Conceptual and theoretical aspects of human exposure and dose assessment

P. G. Georgopoulos, P. J. Lioy

Research output: Contribution to journalReview articlepeer-review

37 Scopus citations


A formal, conceptual and mathematical framework for refining the characterization of human exposure and dose, resulting from contact with a toxicant, is introduced. The conceptual approach to the exposure characterization process leads to a mathematical description necessary for formalizing this process. Twelve steps are identified for guiding the information collection, management, and analysis needs for characterization and estimation of exposure and dose. These steps are discussed in terms of ten general principles for exposure and dose assessment that are related to: (1) The complicated character of exposure systems and models, (2) the need for using appropriate metrics associated with the exposure dynamics of individuals, populations and locations, (3) the need to consider exposure as a sequence of coupled events and systems, (4) the need to treat exposure assessment as a dual prognostic and diagnostic problem and (5) as a dual phenomenological and mechanistic problem, (6) the fact that uncertainty in exposure characterization includes both irreducible and reducible components that have to be quantified, (7) the need to specify probability distributions of exposures for individuals and populations, (8) the need for implementing state-of-the-art computational data management methods for exposure related information, (9) the need to formally and thoroughly evaluate exposure assessment modeling studies, and (10) the limitations in the exposure characterization process that affect the current practice of risk assessment. The theoretical approach described here represents an 'ideal' characterization model that will rarely, if ever, be fully implemented in practice. However, this approach offers a consistent and general framework that can help identify specific needs for improvement in current measurements and estimation practices, and move exposure assessments closer to 'real' exposure systems.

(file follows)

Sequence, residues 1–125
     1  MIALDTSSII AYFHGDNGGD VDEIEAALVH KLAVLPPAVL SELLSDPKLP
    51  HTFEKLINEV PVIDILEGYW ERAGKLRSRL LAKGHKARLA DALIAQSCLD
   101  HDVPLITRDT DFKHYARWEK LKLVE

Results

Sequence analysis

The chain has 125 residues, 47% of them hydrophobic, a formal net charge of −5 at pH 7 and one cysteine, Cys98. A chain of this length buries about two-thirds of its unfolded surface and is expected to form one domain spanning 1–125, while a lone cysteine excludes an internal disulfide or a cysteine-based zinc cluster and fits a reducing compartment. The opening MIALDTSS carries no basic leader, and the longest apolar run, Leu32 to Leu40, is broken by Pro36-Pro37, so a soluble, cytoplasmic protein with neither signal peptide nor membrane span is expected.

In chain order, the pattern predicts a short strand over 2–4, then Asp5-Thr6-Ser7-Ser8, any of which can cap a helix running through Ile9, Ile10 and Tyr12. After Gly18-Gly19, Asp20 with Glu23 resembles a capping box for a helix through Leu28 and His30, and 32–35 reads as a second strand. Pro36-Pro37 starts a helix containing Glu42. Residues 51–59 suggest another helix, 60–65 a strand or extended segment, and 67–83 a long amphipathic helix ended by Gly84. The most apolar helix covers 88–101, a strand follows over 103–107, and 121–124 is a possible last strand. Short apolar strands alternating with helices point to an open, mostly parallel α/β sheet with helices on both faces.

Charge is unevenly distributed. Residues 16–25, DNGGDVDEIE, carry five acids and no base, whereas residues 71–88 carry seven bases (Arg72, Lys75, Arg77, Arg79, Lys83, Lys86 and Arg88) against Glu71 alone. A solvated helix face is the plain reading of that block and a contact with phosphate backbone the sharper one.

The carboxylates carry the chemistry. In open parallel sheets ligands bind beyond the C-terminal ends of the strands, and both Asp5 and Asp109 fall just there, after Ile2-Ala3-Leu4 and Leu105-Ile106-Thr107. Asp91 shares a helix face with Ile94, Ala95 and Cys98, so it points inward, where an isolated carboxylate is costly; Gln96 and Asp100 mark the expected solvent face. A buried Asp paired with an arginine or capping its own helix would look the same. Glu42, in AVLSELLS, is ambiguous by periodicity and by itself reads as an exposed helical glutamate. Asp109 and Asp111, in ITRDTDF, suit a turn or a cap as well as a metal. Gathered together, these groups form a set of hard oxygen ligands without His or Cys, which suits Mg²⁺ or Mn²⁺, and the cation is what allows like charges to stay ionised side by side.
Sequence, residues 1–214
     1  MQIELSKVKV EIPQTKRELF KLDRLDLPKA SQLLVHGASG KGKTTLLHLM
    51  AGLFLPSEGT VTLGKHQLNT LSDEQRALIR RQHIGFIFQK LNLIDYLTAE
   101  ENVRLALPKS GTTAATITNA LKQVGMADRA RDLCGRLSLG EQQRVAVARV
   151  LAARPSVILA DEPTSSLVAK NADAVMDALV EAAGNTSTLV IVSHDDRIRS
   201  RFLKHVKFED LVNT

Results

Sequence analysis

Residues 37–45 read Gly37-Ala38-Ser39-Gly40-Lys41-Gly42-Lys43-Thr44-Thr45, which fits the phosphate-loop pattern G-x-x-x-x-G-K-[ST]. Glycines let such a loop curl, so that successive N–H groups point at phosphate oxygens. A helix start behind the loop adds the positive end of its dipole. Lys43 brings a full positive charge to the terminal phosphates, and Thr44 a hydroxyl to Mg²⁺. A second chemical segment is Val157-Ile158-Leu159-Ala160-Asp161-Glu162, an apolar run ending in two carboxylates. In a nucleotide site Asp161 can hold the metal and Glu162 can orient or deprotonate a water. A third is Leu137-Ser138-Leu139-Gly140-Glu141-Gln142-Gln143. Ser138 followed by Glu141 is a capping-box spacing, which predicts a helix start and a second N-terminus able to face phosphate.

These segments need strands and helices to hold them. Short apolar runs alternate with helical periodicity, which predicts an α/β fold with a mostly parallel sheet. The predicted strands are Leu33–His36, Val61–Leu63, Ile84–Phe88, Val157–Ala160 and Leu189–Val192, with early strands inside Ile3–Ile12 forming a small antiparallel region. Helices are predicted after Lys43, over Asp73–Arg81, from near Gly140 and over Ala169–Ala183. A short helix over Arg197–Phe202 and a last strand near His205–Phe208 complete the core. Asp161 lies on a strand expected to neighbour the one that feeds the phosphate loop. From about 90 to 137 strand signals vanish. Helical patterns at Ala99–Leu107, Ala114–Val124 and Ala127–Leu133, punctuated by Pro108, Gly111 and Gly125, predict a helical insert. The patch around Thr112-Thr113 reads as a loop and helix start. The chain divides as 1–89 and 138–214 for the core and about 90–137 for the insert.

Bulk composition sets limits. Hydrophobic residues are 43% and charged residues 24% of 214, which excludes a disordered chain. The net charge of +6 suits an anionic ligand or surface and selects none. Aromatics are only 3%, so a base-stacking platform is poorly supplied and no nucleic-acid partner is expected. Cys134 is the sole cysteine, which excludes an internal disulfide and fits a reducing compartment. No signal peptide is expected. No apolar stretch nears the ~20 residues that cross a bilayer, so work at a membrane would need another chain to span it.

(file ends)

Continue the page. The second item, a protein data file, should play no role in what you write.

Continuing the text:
Original languageEnglish (US)
Pages (from-to)253-285
Number of pages33
JournalJournal of exposure analysis and environmental epidemiology
Issue number3
StatePublished - 1994

All Science Journal Classification (ASJC) codes

  • Environmental Chemistry
  • Toxicology
  • Environmental Science(all)
  • Pollution
  • Public Health, Environmental and Occupational Health
  • Health, Toxicology and Mutagenesis


Dive into the research topics of 'Conceptual and theoretical aspects of human exposure and dose assessment'. Together they form a unique fingerprint.

Cite this